08 Don't Let It Show 4:01
09 No You Don't 3:18
10 So Sincere 3:30
Pat Benatar - In The Heat Of The Night  (ogg 86mb)

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In August 1980, Benatar released her LP, Crimes of Passion, featuring her signature song "Hit Me with Your Best Shot" along with the controversial song "Hell Is for Children", which was inspired by reading a series of articles in the New York Times about child abuse in America. "Hit Me With Your Best Shot" (US #9) was her first single to break the US Top 10 and eventually sold more than one million copies (at that time, gold status) in the United States alone. The album peaked for five consecutive weeks at #2 in the US in January 1981 (behind Yoko Ono's and John Lennon's Double Fantasy) and eventually sold over five million copies, and a month later, Benatar won her first Grammy Award for "Best Female Rock Vocal Performance" of 1980 for the album. Other singles released from Crimes of Passion were "Treat Me Right" (US #18) and the Rascals' cover, "You Better Run" (US #42), which gained some later fame when it was the second music video ever played on MTV, after the Buggles' "Video Killed the Radio Star". The album also featured a changed-tempo cover of Kate Bush's "Wuthering Heights". Nominally produced by Keith Olsen, Crimes of Passion remained on the US album charts for 93 weeks and in the top 10 for more than six months, eventually becoming her second consecutive platinum certification by the RIAA.

Pat Benatar - Crimes Of Passion  (flac 243mb)

01 Treat Me Right 3:25
02 You Better Run 3:05
03 Never Wanna Leave You 3:10
04 Hit Me With Your Best Shot 2:51
05 Hell Is For Children 4:51
06 Little Paradise 3:33
07 I'm Gonna Follow You 4:29
08 Wuthering Heights 4:29
09 Prisoner Of Love 3:08
10 Out-A-Touch 4:16

Pat Benatar - Crimes Of Passion   (ogg 88mb)

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In interviews, Pat Benatar made it clear that she had no desire to be stereotyped as a hard rocker -- often adding that she preferred new wave's melodic keyboards over hard rock and metal's crunching guitars. Indeed, Get Nervous was the most melodic album she'd done since In the Heat of the Night. This isn't to say that Get Nervous was a return to new wave-ish leanings; in fact, songs like "Anxiety (Get Nervous)," "The Victim," and "Silent Partners" are intense, forceful jewels that rock aggressively. But at the same time, the album's pop elements and strong emphasis on melody leave no doubt that the last thing on Benatar's mind was recording another Crimes of Passion. A hit single, "Shadows of the Night", heralded, Get Nervous, released in late 1982. The album was another smash, reaching US #4, her fourth consecutive RIAA and CRIA platinum certification, and the single would garner Benatar her third Grammy, again for "Best Female Rock Vocal Performance" of 1982. The follow-up singles, "Little Too Late" and "Looking for a Stranger", were also successful, hitting US #20 and #39 respectively.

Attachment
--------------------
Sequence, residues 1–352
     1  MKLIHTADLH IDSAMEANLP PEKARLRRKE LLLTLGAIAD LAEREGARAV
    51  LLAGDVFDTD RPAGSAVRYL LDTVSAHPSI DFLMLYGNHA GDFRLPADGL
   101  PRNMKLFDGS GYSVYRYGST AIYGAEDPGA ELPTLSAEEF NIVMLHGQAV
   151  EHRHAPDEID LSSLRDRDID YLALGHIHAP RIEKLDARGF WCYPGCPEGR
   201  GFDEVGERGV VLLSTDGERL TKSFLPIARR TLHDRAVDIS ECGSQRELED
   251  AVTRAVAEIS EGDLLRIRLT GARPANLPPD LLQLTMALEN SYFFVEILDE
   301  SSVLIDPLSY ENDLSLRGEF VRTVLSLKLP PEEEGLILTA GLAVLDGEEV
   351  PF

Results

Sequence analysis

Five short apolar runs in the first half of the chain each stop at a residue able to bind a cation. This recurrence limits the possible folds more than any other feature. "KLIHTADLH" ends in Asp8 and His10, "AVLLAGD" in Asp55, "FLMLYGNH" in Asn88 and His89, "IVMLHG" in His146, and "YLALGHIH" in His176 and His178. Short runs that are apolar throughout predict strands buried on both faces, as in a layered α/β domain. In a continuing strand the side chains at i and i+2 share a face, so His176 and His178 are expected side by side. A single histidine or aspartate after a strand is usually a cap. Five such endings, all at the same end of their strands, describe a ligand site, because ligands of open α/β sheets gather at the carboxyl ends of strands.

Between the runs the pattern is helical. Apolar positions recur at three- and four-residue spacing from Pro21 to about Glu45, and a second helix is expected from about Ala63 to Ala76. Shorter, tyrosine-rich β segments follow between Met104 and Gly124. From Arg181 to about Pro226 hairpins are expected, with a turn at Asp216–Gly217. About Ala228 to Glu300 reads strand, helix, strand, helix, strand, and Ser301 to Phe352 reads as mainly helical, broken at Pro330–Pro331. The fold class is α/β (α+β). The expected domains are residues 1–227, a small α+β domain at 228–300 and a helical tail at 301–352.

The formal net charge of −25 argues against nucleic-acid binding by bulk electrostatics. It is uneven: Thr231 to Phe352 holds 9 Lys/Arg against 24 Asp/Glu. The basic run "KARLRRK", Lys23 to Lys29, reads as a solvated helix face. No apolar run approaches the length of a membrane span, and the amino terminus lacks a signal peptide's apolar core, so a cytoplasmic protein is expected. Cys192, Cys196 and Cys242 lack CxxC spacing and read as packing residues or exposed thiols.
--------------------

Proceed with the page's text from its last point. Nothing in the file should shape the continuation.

Pat Benatar - Get Nervous  (flac 483mb)

01 Shadows Of The Night 4:20
02 Looking For A Stranger 3:24
03 Anxiety (Get Nervous) 3:30
04 Fight It Out 3:54
05 The Victim 4:41
06 Little Too Late 4:06
07 I'll Do It 4:07
08 I Want Out 3:42
09 Tell It To Her 3:40
10 Silent Partner 3:43

Pat Benatar - Get Nervous   (ogg 166mb)

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Ian Buckley said...

The flac link doesn't seem to work...?

Ian Buckley said...

...ah the explanation is that hotfile has been closed down!

Rho said...

all been restored now